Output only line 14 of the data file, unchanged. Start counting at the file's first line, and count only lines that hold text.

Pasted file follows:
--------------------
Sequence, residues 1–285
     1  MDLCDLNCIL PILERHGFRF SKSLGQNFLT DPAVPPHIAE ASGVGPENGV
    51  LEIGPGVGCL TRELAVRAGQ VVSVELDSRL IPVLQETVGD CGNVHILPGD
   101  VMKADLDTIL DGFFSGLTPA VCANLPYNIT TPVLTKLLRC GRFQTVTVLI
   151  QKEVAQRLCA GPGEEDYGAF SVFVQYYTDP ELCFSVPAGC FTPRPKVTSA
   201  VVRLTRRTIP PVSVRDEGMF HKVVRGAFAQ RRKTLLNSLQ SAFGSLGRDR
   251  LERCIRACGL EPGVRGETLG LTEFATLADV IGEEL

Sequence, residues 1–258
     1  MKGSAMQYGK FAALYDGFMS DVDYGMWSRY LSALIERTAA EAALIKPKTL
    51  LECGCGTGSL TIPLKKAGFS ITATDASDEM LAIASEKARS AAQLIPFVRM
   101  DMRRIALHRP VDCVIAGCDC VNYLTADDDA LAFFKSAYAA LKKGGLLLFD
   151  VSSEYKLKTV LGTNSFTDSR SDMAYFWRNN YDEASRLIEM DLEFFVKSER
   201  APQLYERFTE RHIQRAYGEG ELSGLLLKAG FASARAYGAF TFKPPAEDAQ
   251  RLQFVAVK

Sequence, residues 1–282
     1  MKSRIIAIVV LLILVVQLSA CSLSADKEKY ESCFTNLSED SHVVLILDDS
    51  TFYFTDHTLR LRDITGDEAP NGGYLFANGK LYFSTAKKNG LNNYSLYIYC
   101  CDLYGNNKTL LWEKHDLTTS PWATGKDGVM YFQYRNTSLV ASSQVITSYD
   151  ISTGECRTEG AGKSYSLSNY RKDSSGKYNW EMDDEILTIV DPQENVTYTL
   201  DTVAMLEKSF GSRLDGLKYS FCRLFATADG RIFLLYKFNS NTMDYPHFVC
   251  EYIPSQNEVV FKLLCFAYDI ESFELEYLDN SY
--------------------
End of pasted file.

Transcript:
   251  RLQFVAVK